New York Jets Defensive Line: Nucleus In The Making

Chris Gross with a look at the Jets building a defensive foundation on the defensive front.

Over the past few weeks, there has been a great amount of discussion about what type of scheme the Jets are moving toward on the defensive side of the ball. First, the Sheldon Richardson selection fueled speculation that the team was working toward moving to more of a 4-3 base look as opposed to the 3-4 base defense that Rex Ryan has been so successful with throughout his coaching career in the NFL. These ideas were partially debunked last week when the Jets announced that second year defensive end Quinton Coples would be making a positional change to outside linebacker, the thought process being if New York was, in fact, moving to a base 4-3 front, they would not be moving Coples from what seems to be his natural position to a position he has much less experience at for the sake of the scheme.

So what is New York planning to do on defense for 2013 and beyond? The answer, which may be surprising to some, is nothing too different from what they have done since the arrival of Ryan in 2009. But why then, would the team use a first round selection on Richardson, who is at his best as a penetrating 3 technique, rather than selecting a player like Georgia’s Jarvis Jones, who spent nearly his entire productive collegiate career as a 3-4 pass rushing outside linebacker and who would seemingly be a better fit for such a scheme than a player like Richardson? The answer lies in what the Jets have done, and the vision that Ryan seems to have for his defense moving forward.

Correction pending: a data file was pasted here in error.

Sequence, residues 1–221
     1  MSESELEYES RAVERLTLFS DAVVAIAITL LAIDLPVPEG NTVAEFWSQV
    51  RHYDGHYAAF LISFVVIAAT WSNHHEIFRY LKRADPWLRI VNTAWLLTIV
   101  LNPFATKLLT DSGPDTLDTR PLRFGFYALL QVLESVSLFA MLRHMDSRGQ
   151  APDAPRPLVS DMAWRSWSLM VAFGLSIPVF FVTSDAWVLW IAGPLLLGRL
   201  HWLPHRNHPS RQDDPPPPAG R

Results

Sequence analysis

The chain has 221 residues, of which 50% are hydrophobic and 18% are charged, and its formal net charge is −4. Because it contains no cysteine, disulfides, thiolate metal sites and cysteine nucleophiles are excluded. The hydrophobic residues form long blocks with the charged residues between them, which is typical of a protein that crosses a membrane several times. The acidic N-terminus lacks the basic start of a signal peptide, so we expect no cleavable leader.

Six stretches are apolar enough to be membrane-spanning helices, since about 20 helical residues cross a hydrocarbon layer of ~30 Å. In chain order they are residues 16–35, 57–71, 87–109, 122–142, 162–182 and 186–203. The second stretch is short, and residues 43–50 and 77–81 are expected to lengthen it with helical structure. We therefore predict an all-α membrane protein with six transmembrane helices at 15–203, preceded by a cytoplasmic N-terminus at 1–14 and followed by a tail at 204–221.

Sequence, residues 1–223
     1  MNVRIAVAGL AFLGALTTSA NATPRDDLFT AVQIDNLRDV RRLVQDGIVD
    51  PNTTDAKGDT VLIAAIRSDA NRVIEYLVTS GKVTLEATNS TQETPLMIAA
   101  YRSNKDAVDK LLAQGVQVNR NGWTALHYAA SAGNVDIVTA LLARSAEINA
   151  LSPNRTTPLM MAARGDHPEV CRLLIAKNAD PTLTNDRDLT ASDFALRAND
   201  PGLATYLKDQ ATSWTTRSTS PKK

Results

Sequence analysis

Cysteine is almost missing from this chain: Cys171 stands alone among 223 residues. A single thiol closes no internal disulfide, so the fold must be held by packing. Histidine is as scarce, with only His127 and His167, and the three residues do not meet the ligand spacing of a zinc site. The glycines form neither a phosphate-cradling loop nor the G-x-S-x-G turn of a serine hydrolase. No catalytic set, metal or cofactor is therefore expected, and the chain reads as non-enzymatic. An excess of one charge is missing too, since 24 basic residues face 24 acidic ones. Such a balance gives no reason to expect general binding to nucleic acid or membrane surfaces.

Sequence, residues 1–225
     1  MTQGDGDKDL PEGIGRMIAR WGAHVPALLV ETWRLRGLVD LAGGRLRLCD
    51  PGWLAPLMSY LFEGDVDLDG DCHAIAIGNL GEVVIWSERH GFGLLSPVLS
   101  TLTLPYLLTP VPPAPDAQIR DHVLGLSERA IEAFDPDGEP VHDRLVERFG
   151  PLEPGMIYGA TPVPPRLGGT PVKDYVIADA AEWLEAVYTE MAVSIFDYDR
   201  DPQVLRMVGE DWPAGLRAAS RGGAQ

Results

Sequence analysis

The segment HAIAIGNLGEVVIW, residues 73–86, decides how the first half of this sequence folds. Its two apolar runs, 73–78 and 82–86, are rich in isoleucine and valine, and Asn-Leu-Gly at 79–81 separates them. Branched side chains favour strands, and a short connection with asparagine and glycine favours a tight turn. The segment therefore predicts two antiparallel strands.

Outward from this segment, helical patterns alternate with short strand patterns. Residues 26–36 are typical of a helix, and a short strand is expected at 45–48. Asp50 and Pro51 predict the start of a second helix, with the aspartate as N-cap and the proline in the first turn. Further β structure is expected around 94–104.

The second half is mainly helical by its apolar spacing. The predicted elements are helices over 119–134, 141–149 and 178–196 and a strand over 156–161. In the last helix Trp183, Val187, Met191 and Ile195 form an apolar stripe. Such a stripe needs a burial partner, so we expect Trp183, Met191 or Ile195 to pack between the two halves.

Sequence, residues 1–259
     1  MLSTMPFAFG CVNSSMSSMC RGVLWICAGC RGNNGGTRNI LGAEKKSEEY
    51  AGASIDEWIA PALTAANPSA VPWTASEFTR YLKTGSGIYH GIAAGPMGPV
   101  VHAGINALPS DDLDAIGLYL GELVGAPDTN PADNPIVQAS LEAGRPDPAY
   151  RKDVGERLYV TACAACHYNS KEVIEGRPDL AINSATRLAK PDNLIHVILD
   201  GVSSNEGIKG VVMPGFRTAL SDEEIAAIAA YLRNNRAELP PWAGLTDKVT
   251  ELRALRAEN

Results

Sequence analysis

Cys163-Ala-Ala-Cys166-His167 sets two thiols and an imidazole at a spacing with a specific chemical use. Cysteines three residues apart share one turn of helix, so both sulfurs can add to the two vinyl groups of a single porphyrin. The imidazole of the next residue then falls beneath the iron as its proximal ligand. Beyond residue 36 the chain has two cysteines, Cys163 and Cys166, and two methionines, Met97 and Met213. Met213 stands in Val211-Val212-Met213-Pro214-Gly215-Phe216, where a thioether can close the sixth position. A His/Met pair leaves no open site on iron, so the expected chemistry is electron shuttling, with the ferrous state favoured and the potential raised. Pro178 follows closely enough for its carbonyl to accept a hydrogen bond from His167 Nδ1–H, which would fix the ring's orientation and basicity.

Discussion has been running rampant about the type of scheme Ryan runs with the Jets. Is it a pure 3-4? Is it a 46? Is it a 4-2-5? Are there variations of the 3-3-5? In short, all of these different fronts are used abundantly by the Jets. What makes Ryan’s defense so successful is his ability to find versatility in his defensive players and to use them with great flexibility in his myriad of fronts. The truth is, the Jets are, in fact, primarily a 3-4 defense. But Ryan’s 3-4 should not be thought of the way a traditional 3-4 is run. Defenses in the NFL are all unique – to their coordinators, coaches, and personnel. New York, for example, has different 3-4 philosophies than other 3-4 teams, who all also vary from one another, like Pittsburgh, Kansas City, Houston, San Francisco, etc.

What makes Ryan’s defense unique is that he will not ask a player to try and excel in an area of weakness solely because they are labeled as a certain position and must achieve every aspect of what that position is asked to do against every offensive look on every series. The image below is from the very first series of the Jets 2012 game against the Indianapolis Colts.

Colts 2

To the naked eye, from this wide shot, this defense can be interpreted as a 3-3-5, or even a 4-2-5 based on the alignment of Calvin Pace (denoted by the red circle) in a wide 9 to the outside shade of the tight end, with three defensive lineman to his right, two linebackers behind him, and a total of five defensive backs on the field. However when you look at the tight shot (image below), you will see that the alignment of the interior linebackers proves this to be a pure 3-4.